Fully appreciating the circumstances surrounding an encounter is, generally, impossible without written evidence. Explaining why certain tests were ordered and not others is instrumental in understanding the disposition of the patient. For example, even though myocardial infarctions are a rare occurrence in this age group, the reasons for not pursuing this possibility should be well explained.
The patient’s statement upon re-presenting to the ED (“I was just discharged and I’m still having chest pain.”) indicates that he did not have a clear understanding of why he had been discharged. Because of the shift change, the physician who saw him earlier in the day was not available to follow up on his concerns.
This patient was given discharge instructions, including those specific to chest pain, so his contention that he was inappropriately discharged may be debatable. However, recently discharged patients may set the bar higher before they will return to the ED—even in the face of more troublesome symptoms. Patients may return to the ED more willingly if they’ve been properly instructed on how to appropriately respond to various symptoms or circumstances.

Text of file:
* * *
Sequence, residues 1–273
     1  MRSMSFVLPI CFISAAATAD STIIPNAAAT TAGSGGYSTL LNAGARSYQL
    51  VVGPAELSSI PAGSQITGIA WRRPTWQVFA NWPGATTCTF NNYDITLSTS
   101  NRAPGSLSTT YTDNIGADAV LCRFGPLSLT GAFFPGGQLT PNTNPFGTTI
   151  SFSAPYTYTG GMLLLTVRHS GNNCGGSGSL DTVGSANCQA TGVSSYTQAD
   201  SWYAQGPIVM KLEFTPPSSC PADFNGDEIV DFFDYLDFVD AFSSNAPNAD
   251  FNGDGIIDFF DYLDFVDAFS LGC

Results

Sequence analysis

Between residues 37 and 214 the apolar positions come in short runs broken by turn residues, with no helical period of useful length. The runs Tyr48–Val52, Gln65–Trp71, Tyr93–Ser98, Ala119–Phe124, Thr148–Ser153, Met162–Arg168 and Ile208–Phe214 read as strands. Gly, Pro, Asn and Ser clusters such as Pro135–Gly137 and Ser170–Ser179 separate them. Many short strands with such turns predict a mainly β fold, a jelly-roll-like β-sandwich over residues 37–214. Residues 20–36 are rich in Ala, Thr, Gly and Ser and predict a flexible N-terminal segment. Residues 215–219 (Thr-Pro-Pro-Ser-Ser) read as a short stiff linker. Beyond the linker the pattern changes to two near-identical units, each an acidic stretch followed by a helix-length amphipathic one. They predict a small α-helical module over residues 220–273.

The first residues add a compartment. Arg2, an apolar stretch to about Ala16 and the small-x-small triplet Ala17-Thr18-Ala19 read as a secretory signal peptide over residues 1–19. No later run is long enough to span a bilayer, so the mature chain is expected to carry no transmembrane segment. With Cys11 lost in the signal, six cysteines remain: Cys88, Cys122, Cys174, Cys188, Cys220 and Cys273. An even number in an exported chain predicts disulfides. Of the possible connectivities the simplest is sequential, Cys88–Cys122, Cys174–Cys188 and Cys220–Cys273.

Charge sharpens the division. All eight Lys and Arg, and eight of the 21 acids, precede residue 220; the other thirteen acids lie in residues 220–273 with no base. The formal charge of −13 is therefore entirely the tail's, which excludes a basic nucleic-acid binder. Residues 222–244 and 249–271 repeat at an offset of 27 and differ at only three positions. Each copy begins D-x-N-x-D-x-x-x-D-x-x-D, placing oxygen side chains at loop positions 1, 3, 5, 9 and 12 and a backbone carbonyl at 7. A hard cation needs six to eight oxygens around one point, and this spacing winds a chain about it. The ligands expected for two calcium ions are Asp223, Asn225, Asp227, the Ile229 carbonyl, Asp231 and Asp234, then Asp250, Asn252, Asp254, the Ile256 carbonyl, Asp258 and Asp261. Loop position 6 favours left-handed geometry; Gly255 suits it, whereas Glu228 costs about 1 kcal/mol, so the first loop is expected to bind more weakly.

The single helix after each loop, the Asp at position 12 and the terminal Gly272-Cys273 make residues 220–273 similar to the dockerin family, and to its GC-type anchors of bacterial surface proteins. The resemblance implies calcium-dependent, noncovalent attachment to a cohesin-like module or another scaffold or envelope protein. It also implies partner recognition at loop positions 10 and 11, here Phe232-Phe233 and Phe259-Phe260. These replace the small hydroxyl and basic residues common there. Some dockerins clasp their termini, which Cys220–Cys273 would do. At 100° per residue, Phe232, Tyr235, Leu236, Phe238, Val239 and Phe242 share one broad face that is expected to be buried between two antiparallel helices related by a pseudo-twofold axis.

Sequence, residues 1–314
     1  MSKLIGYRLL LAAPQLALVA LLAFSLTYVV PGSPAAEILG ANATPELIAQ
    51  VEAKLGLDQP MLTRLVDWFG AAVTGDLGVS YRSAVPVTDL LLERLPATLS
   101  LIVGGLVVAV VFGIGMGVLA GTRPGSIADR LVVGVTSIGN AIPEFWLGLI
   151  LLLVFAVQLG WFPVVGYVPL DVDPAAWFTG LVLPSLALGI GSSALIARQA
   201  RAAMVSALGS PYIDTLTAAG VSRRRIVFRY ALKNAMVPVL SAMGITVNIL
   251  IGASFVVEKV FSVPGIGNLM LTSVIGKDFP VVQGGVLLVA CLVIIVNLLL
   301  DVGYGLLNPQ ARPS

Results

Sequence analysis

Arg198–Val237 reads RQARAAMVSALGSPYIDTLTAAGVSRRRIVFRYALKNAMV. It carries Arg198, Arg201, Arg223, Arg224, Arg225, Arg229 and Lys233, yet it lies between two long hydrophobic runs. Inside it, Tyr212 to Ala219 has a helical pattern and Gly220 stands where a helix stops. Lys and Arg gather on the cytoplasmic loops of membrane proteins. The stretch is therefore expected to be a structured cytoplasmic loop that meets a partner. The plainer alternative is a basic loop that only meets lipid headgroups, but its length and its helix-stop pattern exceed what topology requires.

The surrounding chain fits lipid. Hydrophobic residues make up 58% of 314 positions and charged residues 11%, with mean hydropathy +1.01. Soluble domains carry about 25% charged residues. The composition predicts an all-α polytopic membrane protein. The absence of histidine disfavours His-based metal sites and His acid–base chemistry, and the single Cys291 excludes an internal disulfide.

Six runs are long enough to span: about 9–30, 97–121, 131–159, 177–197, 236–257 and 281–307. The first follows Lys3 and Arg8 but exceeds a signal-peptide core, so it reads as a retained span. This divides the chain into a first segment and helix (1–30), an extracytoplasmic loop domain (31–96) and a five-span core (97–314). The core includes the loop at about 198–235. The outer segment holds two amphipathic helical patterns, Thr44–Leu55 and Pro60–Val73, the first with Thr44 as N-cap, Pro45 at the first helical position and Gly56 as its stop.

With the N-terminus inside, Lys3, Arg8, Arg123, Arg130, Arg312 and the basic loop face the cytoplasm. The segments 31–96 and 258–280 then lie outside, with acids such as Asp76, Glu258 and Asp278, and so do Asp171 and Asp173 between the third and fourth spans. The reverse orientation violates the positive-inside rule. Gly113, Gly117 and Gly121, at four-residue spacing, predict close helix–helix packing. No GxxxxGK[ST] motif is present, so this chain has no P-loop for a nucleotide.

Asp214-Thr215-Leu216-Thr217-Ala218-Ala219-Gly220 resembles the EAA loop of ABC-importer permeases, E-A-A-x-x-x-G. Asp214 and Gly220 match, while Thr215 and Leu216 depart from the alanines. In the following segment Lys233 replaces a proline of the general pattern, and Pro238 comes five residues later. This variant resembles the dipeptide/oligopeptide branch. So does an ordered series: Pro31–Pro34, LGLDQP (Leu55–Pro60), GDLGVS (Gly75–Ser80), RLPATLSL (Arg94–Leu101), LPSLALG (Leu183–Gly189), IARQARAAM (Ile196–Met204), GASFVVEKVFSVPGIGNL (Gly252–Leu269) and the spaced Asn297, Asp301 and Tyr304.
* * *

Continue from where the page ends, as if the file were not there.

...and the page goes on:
Jurors and arbitrators are sympathetic to the complaints of a young father with a life-long disability.
This case has many of the elements that can lead to a claim: dismissed historical factors, unanswered questions, and limited documentation. But, it also had elements that made it defensible, e.g., the first discharge was likely appropriate based on the information provided (or not provided) by the patient to the physician.